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This Highly Recommended Supplement May Damage Your Heart as You Age, New Study Finds

Many people take this supplement after 50.
FACT CHECKED BY Kristen Warfield

Getting enough calcium in your diet can be key to keeping your bones healthy and strong throughout your life. That's why it's often suggested that older people take calcium supplements in order to help to prevent issues such as broken bones and osteoporosis.

However, among the various side effects of taking calcium supplements after 50, a study has now found that they may actually damage your heart as you age.

In the study that was published in BMJ, researchers took a look at more than 2,600 people who were an average age of 74 years old. They were also patients who had calcification of their aortic valve that was considered to be in the mild to moderate range. While a third of the participants took calcium supplements and another third took both calcium and vitamin D supplements, the final group took no supplements at all.

calcium supplements
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As a result, those behind the study found that after a period of more than five and a half years, those who had taken calcium supplements alone faced a 24% higher risk of death. Taking vitamin D supplements along with calcium upped that percentage to a 31% risk.

"Taking additional calcium cannot be helpful, and may even be harmful," said senior researcher Dr. Samir Kapadia, chair of cardiovascular medicine with the Cleveland Clinic.

This is why Dr. Kapadia adds that if you take supplements, it's important to consult a professional to see if you should continue to do so or not.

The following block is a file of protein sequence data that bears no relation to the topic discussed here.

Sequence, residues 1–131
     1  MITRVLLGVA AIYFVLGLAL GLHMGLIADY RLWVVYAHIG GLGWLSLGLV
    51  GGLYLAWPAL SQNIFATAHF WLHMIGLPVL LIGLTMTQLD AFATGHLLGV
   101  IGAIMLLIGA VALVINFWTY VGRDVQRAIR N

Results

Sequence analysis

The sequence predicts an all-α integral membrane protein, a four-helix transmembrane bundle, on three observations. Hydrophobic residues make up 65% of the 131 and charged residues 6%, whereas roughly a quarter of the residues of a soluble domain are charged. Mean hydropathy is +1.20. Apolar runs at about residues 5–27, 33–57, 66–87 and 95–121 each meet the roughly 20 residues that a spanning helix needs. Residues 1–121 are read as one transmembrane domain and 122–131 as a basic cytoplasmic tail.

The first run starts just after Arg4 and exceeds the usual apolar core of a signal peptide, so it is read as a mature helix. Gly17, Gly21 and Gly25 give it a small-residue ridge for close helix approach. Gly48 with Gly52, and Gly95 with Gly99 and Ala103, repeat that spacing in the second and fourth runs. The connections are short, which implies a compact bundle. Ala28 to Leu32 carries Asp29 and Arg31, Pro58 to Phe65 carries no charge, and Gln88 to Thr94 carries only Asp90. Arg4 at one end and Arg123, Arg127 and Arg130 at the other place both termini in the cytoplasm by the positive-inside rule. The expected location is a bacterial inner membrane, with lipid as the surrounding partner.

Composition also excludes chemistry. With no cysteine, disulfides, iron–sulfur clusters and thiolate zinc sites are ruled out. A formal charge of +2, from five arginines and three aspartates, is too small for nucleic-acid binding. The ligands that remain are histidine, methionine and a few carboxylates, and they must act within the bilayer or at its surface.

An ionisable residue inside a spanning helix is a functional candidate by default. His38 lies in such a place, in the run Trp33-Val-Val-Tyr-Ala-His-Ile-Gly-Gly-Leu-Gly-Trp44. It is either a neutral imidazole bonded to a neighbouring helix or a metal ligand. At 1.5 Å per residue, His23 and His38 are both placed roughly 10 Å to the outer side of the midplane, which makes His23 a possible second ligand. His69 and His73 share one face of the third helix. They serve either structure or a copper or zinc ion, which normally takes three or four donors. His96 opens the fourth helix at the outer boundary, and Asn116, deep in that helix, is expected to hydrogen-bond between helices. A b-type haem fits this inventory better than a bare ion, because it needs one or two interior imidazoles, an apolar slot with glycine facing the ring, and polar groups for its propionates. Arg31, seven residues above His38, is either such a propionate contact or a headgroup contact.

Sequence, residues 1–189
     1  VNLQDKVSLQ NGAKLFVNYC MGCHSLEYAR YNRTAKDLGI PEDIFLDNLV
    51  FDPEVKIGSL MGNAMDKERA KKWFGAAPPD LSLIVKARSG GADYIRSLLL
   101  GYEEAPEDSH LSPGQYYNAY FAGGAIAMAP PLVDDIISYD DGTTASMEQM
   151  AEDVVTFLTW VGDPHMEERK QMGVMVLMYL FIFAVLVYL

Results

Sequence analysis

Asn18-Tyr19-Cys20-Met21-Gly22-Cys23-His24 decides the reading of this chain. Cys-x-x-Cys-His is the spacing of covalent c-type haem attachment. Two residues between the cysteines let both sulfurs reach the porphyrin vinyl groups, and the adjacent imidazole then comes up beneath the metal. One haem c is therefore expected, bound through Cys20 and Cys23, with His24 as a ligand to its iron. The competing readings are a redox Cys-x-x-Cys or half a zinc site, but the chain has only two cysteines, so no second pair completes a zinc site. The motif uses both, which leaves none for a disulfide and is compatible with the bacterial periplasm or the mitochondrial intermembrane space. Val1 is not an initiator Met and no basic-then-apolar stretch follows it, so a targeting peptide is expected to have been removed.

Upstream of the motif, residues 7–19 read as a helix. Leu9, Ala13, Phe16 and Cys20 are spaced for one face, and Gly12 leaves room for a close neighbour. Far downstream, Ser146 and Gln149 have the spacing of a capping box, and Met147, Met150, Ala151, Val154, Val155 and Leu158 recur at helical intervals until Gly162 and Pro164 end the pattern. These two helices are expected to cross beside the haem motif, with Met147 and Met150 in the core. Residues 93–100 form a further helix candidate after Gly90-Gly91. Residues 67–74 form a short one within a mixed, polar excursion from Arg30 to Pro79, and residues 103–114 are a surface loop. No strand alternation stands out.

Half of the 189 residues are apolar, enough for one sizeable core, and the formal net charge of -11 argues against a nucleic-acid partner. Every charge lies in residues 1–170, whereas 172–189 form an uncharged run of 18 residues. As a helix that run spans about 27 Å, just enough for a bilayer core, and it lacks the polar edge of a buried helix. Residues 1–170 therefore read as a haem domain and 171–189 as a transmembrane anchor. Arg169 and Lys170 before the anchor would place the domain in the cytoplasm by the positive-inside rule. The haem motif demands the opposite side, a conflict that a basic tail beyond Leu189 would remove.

"As a physician of internal medicine and vitamin expert, I would suggest that calcium supplements should be used minimally to avoid potential harm," Arielle Levitan MD, author of The Vitamin Solution:Two Doctors Clear the Confusion About Vitamins and Your Health, tells Eat This, Not That!. "We have long known that taking them in excess can cause an array of potential side effects including kidney stones, constipation, and even more concerning, calcium deposition in tissues such as the heart and possibly breast tissue."

Instead, Levitan points out that most people get enough calcium through their diet alone. For instance, it can be found in foods such as "dairy products, dark greens, almonds, substitute milk products, chickpeas, and more."

To find out more about how to get an adequate amount of calcium in your diet, be sure to read The #1 Best Food to Eat for Calcium, Says Science.

Desirée O
Desirée O is a freelance writer who covers lifestyle, food, and nutrition news among other topics. Read more
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